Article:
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UFC 98 'Evans vs. Machida' Preview

MMA is a very difficult sport with a lot of variables. Boxing fans with no MMA knowledge often don't understand how a fighter with a 10-3 record (so few fights) can somehow be a champion in the sport. The answer is simple and has already been said.

MMA is a difficult sport with a lot of variables. So undefeated high caliber fighters are a rarity. That's why UFC 98 is such a treat, in that two fighters with no professional losses are vying for the UFC light heavyweight title in Rashad Evans and Lyoto Machida. What's more, UFC 98 will also bring us the grudge match to end all grudge matches with Matt Hughes vs. Matt Serra.

Get ready, get set, go.

Rashad Evans (13-0-1) vs. Lyoto Machida (14-0): Machida's unique Shotokan karate style has been giving opponents fits for years. He's simply outstanding at staying out of another fighter's range until such time as an opening presents itself. Further, in recent fights he's proven that he has the power to take someone out when those openings occur.

In other words, he's as technical as technical gets on his feet with power to boot. What's more, Machida possesses outstanding takedown defense (see the Tito Ortiz fight), better than average submissions, and really isn't missing anything in his arsenal. Can he win a tough back and forth encounter? Well, that remains to be seen.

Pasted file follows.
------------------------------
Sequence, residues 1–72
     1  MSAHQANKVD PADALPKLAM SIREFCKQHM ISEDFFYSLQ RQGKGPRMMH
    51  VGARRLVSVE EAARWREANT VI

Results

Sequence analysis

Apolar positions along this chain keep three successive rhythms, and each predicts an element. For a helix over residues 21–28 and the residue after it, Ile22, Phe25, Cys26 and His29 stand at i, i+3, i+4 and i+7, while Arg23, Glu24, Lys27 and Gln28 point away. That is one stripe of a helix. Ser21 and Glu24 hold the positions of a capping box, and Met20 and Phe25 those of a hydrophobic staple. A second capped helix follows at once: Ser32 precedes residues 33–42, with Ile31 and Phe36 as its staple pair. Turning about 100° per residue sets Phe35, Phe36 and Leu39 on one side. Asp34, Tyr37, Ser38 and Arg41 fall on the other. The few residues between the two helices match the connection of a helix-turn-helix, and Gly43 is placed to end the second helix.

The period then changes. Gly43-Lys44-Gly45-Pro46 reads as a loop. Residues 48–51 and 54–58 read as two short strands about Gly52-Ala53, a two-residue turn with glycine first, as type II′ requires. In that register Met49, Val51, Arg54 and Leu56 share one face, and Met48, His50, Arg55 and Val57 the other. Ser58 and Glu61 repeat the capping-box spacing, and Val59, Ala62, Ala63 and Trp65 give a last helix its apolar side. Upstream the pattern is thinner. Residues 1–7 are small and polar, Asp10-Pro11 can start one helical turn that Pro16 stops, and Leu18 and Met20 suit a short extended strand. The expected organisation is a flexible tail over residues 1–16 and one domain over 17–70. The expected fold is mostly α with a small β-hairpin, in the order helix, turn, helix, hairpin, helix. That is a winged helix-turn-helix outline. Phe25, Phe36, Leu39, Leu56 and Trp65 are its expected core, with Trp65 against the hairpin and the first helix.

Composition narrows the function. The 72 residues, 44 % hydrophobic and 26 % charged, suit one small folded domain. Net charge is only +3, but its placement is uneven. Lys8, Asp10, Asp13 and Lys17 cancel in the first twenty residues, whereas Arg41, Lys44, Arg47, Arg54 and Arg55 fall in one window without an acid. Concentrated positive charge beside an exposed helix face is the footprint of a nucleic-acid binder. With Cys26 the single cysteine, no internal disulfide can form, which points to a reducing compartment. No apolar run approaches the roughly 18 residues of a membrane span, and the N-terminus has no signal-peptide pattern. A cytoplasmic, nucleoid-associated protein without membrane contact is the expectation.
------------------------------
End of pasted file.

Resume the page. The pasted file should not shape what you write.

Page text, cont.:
You see, he's simply dominated everyone he's fought in the UFC to date.

Rashad Evans received someone of a bad rap on TUF 2, despite winning the show in the heavyweight division when he was one of the smallest contestants. People seemed to question his heart, primarily because of some less than exciting wins on his way to the championship. But then he fought Brad Imes in the finale. In the end, he took some big shots against Imes and proved time and time again that his resolve was unquestionable, as was his toughness. Beyond that, Evans possesses outstanding athleticism, elite wrestling skills, and very underrated stand up, with a lot of power.

Sometimes Evans seems to fall into a lull during matches for short periods of time, however. On top of that, he hasn't shown much in the line of submissions, even if his submission defense is strong.

Rashad Evans vs. Lyoto Machida Prediction: This, of course, is a tough call. First, you have two guys that have not lost before, and the first loss is often the hardest one for opponents to deliver. Evans will likely try to turn this fight into a blood and guts affair. There are three ways he could attempt this. His best option would seemingly be to take Machida down and pound away. But guess is that will be hard for him, as Machida's takedown defense is outstanding. He could also try and work the clinch along the Octagon wall, but Machida may possess a better clinch than him. Finally, he could just try and stand up with Machida, hoping to hit home with a big shot. The problem is that it has been proven very difficult time and time again to do that to the man they call "The Dragon".

Evans could win here. But guess is that Machida just has the stuff to foil his plans.

Lyoto Machida wins via unanimous decision.